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Graham Rice on Trials

Updates on trials and awards from the Royal Horticultural Society by Graham Rice

Crocus vote

Posted by Graham Rice on 14 Mar 2009 at 01:53 PM

Crocus 'Jeanne d'Arc'. Image: ©GardenPhotos.comAs the mild weather brings the crocus season to a close, I can bring you the results of the visitors' vote for their favourite in the Wisley crocus trial. For a couple of years the trial was grown in the Alpine Department where there is, unfortunately, limited access for visitors. So, for its final year, it was replanted on the trials field where visitors could take a look at any time.

To be honest, I was disappointed at the number of votes cast - this is such a great opportunity for visitors to have their say it was a shame that more didn't make the most of it.

And then, after all that, it turned out that the top two in the voting were rather problematical choices. Top in the voting came the pure white ‘Jeanne d'Arc'. As some of the visitors described it in their comments: "A beautiful strong-looking white. Lovely!", "Stunning" and "Not only looks great but the bees loved this one the best which adds to the interest and beauty".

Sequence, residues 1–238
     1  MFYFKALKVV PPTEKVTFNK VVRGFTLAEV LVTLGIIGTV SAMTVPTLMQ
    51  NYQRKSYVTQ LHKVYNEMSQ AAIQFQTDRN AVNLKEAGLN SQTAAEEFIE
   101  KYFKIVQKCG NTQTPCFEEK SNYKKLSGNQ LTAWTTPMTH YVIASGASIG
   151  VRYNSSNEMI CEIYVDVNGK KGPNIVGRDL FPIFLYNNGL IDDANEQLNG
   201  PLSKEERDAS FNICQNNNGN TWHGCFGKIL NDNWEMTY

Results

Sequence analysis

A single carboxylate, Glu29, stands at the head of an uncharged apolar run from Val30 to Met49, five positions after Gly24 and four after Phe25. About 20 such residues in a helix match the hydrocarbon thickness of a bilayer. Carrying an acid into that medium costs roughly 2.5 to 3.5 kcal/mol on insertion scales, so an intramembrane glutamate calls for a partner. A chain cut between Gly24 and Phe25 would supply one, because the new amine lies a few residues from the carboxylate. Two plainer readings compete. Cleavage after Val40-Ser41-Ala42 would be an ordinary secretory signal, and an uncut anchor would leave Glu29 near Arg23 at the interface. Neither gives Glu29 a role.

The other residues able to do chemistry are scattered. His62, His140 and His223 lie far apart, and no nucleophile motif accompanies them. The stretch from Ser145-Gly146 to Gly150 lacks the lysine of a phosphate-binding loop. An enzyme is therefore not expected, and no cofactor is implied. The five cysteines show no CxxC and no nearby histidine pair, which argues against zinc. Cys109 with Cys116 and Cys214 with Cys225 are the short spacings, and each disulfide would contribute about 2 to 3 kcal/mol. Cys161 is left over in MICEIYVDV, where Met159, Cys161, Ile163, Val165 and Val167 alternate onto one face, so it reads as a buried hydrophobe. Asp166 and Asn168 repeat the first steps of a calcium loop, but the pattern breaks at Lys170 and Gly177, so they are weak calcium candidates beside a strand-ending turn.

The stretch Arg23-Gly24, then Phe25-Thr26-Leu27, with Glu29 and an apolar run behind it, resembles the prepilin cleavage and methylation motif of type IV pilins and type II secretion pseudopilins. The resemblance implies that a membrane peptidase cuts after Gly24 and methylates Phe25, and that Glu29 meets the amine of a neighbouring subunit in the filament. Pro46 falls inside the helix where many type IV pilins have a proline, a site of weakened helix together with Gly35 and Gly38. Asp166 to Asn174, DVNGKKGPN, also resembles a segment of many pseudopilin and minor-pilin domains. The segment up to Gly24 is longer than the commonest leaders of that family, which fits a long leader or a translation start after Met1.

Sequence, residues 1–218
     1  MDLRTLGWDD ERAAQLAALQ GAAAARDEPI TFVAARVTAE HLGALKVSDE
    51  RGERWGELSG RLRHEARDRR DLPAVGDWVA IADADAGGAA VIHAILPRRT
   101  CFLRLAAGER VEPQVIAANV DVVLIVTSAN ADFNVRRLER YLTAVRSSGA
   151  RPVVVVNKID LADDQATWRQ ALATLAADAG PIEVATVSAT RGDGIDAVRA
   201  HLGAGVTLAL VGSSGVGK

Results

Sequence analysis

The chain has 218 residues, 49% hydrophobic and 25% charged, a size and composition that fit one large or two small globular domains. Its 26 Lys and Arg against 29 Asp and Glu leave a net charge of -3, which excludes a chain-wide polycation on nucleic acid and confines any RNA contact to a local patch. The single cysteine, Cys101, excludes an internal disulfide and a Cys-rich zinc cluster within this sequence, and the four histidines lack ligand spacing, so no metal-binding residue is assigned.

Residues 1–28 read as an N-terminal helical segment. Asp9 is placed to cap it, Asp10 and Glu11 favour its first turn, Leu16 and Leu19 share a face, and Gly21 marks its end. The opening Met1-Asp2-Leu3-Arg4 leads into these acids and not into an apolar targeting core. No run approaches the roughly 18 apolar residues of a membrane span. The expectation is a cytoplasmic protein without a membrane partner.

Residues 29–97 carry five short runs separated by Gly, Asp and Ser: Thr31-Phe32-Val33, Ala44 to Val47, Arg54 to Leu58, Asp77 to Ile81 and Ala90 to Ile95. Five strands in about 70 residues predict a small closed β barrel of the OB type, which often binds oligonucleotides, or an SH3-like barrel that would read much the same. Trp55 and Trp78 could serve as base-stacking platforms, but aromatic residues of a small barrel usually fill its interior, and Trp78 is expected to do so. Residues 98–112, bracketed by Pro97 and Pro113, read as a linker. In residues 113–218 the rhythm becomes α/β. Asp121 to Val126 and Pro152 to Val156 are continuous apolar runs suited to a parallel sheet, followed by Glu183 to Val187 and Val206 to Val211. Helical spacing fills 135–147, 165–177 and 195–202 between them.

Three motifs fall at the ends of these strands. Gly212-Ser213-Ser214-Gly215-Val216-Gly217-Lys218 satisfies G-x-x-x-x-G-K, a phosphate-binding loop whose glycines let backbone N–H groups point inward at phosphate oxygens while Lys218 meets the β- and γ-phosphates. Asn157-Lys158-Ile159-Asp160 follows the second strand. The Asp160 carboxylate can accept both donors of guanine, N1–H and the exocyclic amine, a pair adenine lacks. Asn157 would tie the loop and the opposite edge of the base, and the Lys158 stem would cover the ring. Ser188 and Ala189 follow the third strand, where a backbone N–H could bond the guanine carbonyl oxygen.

The problem was that Dutch Hybrids like ‘Jeanne d'Arc' were not supposed to have been included in the trial - it was supposed to have been restricted to species! I'm sure the visitors' vote will be kept in mind when all the Dutch Hybrid crocus are trialled side-by-side but this time it's unlikely to get an award as it wasn't compared with similar types.

Crocus 'Margot'. Image: ©GardenPhotos.comAnd although the second in the voting, the lovely bicoloured purple ‘Margot', has been known for almost a hundred years it's now so rare that, according to the RHS Plant Finder, no nurseries sell it! And that's a shame as visitors found it especially appealing - "Lovely double colours", "Lovely colour" and "Nice contrast of purples". It was one of my favourites too. The third in the voting, ‘Little Amber' (rich amber yellow, with brown tiger-stripes on the outside petals), also goes unlisted by nurseries.

But this illustrates another great virtue of these trials. When neglected varieties like ‘Margot' and ‘Little Amber' perform so well and are so appreciated by visitors - it's a great encouragement for nurseries to list them.

Bulb nurseries: please let me know if you're adding these two varieties to your catalogues.



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